Twenty-two Black Panthers in three Midwestern states, Nebraska, Iowa, and Missouri, were the targets of the Alcohol, Tobacco and Firearms Division for an alleged 1970 bombing conspiracy. The conspiracy investigation of the so-called Midwest 22, previously unreported, has been a carefully kept secret until the disclosure of an ATF case progress closure report to Examiner.com on April 14, 2014. The ATF report was provided by a court researcher who discovered the progress record buried in a file. The document comes from ATF case Nebr-955(T-II) and was copied to the Justice Department in Washington, D.C.
ATF was in competition with the Federal Bureau of Investigation for control of bombing cases in the summer of 1970. The rival federal agencies were embroiled in an ultimately longstanding turf fight for jurisdiction over bombing cases. The Midwest had been hit with a series of unsolved bombings in several states in the summer and ATF agents in Omaha, Nebraska blamed the Black Panthers for the explosions.
Black Panthers in Omaha, Des Moines, and Kansas City, were ATF targets for prosecution. Nine of the Panthers were from Omaha; Elmer Robert Cecil, Melvin Collins, Calvin Drake, Raleigh B. House, Duane Peak, Frank Peak, Jr., William L. Peak, Edward A. Poindexter, and Mondo we Langa (then David Rice).
Ed Poindexter was Chairman of the Omaha affiliate chapter. Mondo we Langa was the Minister of Information. Raleigh House was the Minister of Finance, and Frank Peak, Jr. was Minister of Defense.
Kansas City Black Panther members under investigation were Phillip Crayton, Phillip Deffenbaugh, Felix O’Neal, Phillip Ortega, and Thomas Robinson. The Kansas City Black Panthers were a supervisory chapter to the Omaha Panthers.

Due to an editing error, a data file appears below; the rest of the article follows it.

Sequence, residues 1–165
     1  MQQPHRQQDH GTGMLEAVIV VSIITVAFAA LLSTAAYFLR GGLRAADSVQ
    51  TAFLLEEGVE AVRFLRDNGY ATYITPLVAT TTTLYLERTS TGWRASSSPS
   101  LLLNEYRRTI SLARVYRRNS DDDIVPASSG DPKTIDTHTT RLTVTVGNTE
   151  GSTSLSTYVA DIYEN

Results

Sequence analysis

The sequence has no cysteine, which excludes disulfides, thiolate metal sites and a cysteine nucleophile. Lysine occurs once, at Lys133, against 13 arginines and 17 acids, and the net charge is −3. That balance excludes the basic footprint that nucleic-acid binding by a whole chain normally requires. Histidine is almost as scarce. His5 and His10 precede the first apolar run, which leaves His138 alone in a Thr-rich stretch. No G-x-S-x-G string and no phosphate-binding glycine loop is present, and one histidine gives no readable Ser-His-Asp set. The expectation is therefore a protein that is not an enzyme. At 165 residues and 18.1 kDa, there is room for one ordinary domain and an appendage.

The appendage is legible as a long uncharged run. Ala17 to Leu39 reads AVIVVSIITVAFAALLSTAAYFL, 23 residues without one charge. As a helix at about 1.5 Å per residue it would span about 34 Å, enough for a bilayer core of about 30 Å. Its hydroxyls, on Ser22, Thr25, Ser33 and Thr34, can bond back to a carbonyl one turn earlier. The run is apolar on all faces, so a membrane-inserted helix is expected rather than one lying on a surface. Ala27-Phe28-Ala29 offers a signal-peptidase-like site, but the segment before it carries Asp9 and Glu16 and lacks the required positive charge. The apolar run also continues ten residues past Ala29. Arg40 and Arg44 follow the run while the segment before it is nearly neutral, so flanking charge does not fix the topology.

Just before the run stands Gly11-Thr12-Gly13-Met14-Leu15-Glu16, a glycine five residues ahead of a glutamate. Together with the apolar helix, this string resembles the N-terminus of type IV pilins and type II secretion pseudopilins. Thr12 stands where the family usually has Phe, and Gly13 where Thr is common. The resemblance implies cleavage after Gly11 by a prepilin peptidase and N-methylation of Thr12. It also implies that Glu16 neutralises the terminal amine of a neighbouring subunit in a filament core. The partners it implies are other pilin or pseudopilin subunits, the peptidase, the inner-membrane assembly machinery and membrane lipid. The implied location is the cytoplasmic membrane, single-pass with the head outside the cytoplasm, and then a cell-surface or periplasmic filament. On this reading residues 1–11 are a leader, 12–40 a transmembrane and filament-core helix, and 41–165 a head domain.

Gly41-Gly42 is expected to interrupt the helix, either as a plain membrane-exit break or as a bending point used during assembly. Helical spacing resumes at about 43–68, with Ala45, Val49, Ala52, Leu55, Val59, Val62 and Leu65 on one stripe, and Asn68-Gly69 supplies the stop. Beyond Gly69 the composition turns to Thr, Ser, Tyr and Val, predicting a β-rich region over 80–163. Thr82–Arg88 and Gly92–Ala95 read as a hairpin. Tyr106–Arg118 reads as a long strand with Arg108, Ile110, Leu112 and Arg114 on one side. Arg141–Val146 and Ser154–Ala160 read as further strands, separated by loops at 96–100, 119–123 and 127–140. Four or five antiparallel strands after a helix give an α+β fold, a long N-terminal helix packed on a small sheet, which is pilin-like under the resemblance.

Charles Knox and Archie Simmons were from the Des Moines Black Panther chapter as were Edward C. Smith, Mary Ann Smith and Steve A. Green. Charles Knox was Minister of Education and Edward Smith was Minister of Defense. Green was responsible for distribution of The Black Panther newspaper.
Gary Hogan and Michael Smith were juveniles and their location is uncertain. The role of the two juveniles in the purported Black Panther conspiracy is unknown.
One other ATF target of unknown location was Antone Jenkins. Sources familiar with Black Panthers in Omaha, Des Moines, and Kansas City do not recognize the name.
The most infamous name on the list is Duane C. Peak, a fifteen year-old killer from Omaha. Peak planted a bomb that killed Omaha policeman Larry Minard, Sr. on August 17, 1970. Peak managed to escape not only the ATF conspiracy charge but also the Nebraska murder charge by making a deal to be declared a juvenile delinquent and avoid a prison sentence. Peak got his deal by implicating two others on the ATF list, Edward Poindexter and Mondo we Langa, in the killing.
Mondo and Poindexter, now called the Omaha Two, were the leaders of Omaha’s Black Panther affiliate National Committee to Combat Fascism and targets themselves of COINTELPRO. J. Edgar Hoover at the FBI directed a massive clandestine counterintelligence operation codenamed COINTELPRO. Hoover had ordered Omaha Special Agent-in-Charge Paul Young to get the pair off the streets.
When Larry Minard was killed Paul Young set about making a case against the NCCF leaders. Hoover ordered the withholding of a FBI Laboratory report on the identity of the anonymous 911 caller who lured Minard to his death in order to place the blame on the Omaha Two who were convicted of the crime.
In the ATF case progress record the bomb conspiracy investigation was closed January 26, 1972. U.S. Attorney, Richard Dier, declined to prosecute the alleged conspirators. Dier explained a “trend in the judiciary is away from major complex conspiracies.”
The Midwest 22 prosecution would have been the largest case against the Black Panthers ever brought. The Panther 21 trial in New York that ended in acquittal holds the record as the most number of defendants in a single case during the COINTELPRO era.
For further information see Mondo we Langa files appeal
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